The Sins of the IRR
Using the IRR is common. Unfortunately, its misuse is also common. Although net present value is a more stable metric, the IRR is favored, despite its shortcomings. Investors should know all the drawbacks of the IRR and when using it is inappropriate. The Seven Deadly Sins of the IRR are:
- It assumes all intertemporal cash flows are reinvested at its own rate, usually higher than is possible.
- There are situations in which its iterative calculation process fails to produce a solution.
- When the algebraic sign of the cash flow changes in the middle of the series it is possible to obtain two "right" answers.
- When mutually exclusive projects are considered it can recommend the wrong investment.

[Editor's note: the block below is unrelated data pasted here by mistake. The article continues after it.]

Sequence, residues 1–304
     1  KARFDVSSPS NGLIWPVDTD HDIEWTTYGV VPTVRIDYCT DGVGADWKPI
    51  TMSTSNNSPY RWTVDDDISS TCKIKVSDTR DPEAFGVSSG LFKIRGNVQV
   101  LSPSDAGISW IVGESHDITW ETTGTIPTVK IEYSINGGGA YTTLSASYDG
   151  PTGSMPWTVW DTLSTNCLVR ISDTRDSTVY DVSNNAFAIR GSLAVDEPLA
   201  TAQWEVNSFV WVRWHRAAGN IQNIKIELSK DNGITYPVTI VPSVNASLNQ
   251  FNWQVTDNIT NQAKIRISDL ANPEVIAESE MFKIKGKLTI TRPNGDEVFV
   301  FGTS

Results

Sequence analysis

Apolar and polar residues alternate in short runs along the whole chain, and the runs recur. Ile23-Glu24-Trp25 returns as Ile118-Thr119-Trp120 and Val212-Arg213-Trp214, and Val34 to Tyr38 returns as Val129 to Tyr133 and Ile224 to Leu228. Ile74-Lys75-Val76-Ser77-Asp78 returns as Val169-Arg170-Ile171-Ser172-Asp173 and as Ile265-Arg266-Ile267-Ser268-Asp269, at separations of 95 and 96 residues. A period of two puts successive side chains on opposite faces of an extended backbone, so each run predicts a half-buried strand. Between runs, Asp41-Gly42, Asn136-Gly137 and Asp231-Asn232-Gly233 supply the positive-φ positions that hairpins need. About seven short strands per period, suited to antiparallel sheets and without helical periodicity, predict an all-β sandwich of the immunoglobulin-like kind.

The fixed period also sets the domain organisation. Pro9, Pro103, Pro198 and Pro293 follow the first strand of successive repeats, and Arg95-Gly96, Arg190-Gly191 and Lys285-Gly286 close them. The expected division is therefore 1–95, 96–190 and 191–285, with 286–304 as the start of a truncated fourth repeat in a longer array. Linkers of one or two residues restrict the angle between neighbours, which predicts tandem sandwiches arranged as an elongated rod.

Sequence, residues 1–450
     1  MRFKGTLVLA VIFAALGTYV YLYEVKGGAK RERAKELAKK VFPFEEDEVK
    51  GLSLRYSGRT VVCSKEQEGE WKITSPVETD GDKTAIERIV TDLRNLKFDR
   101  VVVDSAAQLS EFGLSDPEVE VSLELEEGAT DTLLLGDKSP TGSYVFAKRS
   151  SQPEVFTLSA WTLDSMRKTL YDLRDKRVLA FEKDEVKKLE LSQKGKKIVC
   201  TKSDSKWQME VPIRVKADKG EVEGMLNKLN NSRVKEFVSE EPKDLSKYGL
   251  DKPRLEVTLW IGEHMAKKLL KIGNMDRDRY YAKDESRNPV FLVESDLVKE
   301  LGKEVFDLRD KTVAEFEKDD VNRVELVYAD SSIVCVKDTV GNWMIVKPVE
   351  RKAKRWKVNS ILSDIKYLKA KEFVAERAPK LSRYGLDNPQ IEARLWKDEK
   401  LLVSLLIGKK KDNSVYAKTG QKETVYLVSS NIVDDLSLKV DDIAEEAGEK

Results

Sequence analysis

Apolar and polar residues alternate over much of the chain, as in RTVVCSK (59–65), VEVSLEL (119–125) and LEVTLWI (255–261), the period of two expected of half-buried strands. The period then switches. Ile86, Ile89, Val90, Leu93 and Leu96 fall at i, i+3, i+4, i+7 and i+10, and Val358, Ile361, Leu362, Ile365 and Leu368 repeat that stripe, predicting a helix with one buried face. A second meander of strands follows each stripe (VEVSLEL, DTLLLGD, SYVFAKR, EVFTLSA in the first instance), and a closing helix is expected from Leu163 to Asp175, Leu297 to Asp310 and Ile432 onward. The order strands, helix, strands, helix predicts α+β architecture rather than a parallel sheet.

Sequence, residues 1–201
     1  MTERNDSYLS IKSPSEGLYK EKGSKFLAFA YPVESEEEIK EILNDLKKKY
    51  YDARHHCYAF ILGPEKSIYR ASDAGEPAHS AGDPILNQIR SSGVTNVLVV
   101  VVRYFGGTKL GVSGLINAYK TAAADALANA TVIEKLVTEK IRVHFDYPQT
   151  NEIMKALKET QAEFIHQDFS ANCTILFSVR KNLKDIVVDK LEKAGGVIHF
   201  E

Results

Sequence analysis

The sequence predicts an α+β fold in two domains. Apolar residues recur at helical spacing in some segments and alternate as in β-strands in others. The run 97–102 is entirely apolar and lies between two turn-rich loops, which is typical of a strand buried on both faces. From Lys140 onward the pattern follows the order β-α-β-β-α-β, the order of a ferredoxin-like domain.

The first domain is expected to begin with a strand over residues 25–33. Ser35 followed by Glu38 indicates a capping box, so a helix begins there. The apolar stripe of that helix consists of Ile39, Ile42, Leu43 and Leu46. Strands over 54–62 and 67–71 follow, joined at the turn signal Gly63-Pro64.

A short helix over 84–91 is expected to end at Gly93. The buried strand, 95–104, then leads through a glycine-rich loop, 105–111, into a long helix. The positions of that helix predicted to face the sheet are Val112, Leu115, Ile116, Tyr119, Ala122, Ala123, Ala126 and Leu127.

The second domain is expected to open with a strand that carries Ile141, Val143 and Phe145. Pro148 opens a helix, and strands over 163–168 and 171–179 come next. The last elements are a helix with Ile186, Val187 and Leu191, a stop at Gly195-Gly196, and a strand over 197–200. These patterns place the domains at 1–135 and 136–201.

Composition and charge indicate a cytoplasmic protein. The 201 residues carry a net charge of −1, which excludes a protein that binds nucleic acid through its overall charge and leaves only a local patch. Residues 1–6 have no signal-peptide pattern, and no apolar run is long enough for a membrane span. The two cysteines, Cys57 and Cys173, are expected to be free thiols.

- It fails to consider scale, which can lead the investor to invest inefficiently.
- It ignores the difference between risk pooling and risk sharing.
- Simulation of the IRR produces a bias that increases with the variance in the cash flows. Thus, simulation is least accurate when needed the most.
The graphic above illustrates item #7 where the red dotted line ("line") represents the linear simulated IRR and the green line represents the IRR function. The curved line at the bottom tracks the difference, an unavoidable bias, showing its apex at Cash Flow = 150.
You may download an Excel worksheet here that demonstrates this problem